When William Walton died in 1983, his widow, Susana, determined to turn the maestro’s music room in Ischia into a museum, dedicated to his life and work, found among his papers, letters from Lord Berners.  I remembered William telling me how generous Gerald Berners had been to him when he was a struggling unknown composer. He was introduced to Berners by the Sitwells.   Susana said how appropriate it would be for the museum if the Mad Boy would let her have copies of William’s letters to which she was holding the replies.  Or even the originals, if Robert had no further use for them.  What did I think?  I said I would find out.  On the phone, Robert said, Why don’t you bring her here to lunch and I’ll see what I can find. I told Susana that that was not an invitation to be taken lightly (Her own hospitality was always exceptional.)  So one spring day we took the train to Faringdon. I’d prepared Susana for what to expect.

The front door of Faringdon House has a bold notice: It is Requested that all Hats Be Removed  Lady Walton was in her hats phase: her solution to any knotty problem was to go out and buy a new hat.  But she complied with this request.  I rang the bell, which made a clanging like the call for the fire brigade.  The door was flung open and Rosa made her salute.  Are you coming to lunch?  She inquired.  (I later realised that Robert had not informed her of this appointment.  He regularly did this.  But Rosa was unfazed.  And one of the world’s finest gastronomic improvisers.)  Just then Robert appeared through another door, clapping his hands to his face in his embarrassment of not having advised  Rosa. Champagne cocktails were poured and the day went swiftly and joyfully with Susana Walton departing with William’s letters.

I think it was on this occasion that Robert showed us the swimming pool he had constructed, paved with the old English copper pennies which went out with the introduction of decimal currency in sterling.  The Berners humour was still flourishing at Faringdon.

Sofka Zinovieff’s grandmother, Jennifer Fry (1916 – 2003) is such an extraordinary character, she ought to be given a book to herself.  She was beautiful, even in old age, highly sexed, punished by bouts of ill health but blessed with a sense of humour to equal the Mad Boy’s.  She was also a fag hag (there are quite a number of them in this tale): both her husbands as well as her father were gay.  Her mother, Alathea, though ill-suited as mother or wife, developed an interesting  late friendship with her daughter, who seems to have been remarkably forgiving for the negligence in her infant years.  Jennifer’s real friend all through life was her nanny, Pixie (Miss Beatrix Smith) who would also become nanny to Jennifer’s own daughter, after she had accidentally left her in Harrods.  Did Jennifer’s ten-minute marriage to Robert give her enough time to bare his daughter, Victoria?  (the author’s mother).  By the time Jennifer raised this question with her offspring she seemed to be showing signs of dementia, so the answer remains ambiguous.   All Hollywood material. Carey Mulligan maybe?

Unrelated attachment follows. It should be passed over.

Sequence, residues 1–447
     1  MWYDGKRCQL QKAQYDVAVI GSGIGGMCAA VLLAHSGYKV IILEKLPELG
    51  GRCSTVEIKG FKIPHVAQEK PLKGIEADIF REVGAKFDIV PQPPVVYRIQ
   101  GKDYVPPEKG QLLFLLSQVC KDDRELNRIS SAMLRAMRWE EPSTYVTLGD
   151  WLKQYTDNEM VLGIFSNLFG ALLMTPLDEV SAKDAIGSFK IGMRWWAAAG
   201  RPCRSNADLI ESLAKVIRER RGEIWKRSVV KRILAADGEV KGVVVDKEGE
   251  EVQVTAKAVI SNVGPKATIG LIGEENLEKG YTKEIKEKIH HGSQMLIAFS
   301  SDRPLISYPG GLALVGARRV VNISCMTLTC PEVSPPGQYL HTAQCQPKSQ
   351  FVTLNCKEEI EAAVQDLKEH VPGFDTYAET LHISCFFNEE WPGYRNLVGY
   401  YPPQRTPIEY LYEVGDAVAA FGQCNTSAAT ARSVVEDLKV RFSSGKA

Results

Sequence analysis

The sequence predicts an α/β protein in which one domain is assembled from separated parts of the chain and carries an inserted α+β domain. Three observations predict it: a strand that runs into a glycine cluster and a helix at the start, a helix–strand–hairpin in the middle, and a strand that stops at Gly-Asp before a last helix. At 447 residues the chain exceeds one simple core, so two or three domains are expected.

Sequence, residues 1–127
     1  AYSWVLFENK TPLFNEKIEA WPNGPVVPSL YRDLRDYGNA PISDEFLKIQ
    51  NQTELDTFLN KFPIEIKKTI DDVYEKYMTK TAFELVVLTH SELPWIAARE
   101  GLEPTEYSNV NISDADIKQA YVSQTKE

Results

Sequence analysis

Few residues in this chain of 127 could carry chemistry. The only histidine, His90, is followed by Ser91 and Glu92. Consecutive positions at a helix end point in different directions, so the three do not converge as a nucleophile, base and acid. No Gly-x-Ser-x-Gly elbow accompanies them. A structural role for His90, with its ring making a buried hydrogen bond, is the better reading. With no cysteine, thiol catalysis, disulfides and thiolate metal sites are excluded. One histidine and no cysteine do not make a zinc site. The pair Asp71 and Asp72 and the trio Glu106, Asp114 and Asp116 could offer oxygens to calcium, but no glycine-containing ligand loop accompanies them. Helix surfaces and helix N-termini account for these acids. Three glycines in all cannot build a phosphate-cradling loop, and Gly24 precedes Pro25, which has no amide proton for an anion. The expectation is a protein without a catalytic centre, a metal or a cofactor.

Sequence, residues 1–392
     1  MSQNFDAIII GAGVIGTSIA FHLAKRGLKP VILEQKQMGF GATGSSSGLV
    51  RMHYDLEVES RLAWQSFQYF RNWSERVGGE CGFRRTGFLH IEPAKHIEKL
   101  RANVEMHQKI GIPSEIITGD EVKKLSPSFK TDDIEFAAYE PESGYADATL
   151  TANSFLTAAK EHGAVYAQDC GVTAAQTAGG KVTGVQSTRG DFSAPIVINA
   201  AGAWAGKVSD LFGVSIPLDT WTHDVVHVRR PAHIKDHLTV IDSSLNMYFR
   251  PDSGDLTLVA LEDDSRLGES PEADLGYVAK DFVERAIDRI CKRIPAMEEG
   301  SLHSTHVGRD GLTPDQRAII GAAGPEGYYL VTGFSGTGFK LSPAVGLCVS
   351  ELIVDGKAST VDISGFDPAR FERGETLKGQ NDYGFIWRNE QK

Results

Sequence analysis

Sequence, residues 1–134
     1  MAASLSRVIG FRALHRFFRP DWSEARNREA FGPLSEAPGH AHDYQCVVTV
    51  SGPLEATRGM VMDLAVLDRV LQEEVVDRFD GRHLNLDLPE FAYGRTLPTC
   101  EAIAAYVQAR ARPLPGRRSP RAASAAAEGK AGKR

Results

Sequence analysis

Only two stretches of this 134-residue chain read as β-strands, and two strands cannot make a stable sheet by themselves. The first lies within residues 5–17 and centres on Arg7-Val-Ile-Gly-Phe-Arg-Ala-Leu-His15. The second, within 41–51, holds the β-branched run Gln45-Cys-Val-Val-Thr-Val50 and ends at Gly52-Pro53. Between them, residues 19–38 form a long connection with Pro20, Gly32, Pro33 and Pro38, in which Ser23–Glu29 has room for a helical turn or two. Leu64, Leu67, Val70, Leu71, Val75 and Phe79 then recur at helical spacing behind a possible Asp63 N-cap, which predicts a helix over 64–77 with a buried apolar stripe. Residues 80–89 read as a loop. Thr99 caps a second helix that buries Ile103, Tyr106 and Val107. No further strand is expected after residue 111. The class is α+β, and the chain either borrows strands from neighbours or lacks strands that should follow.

It seems to me it is always a good idea to distinguish between humour and wit.  That said, the music of Berners frequently contains both, very successfully aiding and abetting one another.  It is just this which makes this music unique.  Stravinsky thought so too, among others.  Stravinsky borrowed the technique, if I may so call it, as did Poulenc, Walton and Constant Lambert (all visitors to Faringdon).  You can hear it in Berners’s  songs and also in the Ballet A Wedding Boquet, which premiered in 1937 at Sadler’s Wells, with Margot Fonteyn, Ninette de Valois and Robert Helpmann dancing.  Constant Lambert conducted.  He was having an illicit affair with Margot at the time, who after he got her pregnant, abandoned her on the morning he promised to marry her.  This is remarkably like the story of the ballet, which was based on a novel of Gertrude Stein (another frequent Faringdon visitor).

A real sense of humour requires an awareness of one’s own ridiculousness.  Anything else is better understood as a sense of fun.  The Faringdon team scored high on this awareness.  Nigel Nicholson tells us that Virginia Woolf used to say, It’s kind of fun being mad but Nicholson adds that in Virginia’s case, it wasn’t; she would spit at people near her, especially Leonard (her husband).  The problem was that Virginia wasn’t in the comfort zone when she went cuckoo.  Her sister, Vanessa was, and would have been entirely at home at a Faringdon gathering.

Sofka Zinovieff serves this wonderful cast of nut cases extremely well.  I’m only sorry to read in her final chapter that she now lives in Athens with her Greek diplomat husband.  It will be almost impossible to keep the Berners spirit alive at that distance.  But who knows?  Maybe a regular summer festival dedicated to Berners & Friends.  The book perfectly captures the spirit of the place and is unquestionably a collector’s item, extravagantly produced and a bargain at the jacket price of £25.

Jack Buckley

 

 

 

 

 

 

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Comments

  1. Stephen Wilson says:

    A marvellous review of a very good book indeed. It captures the infectious fun of the period.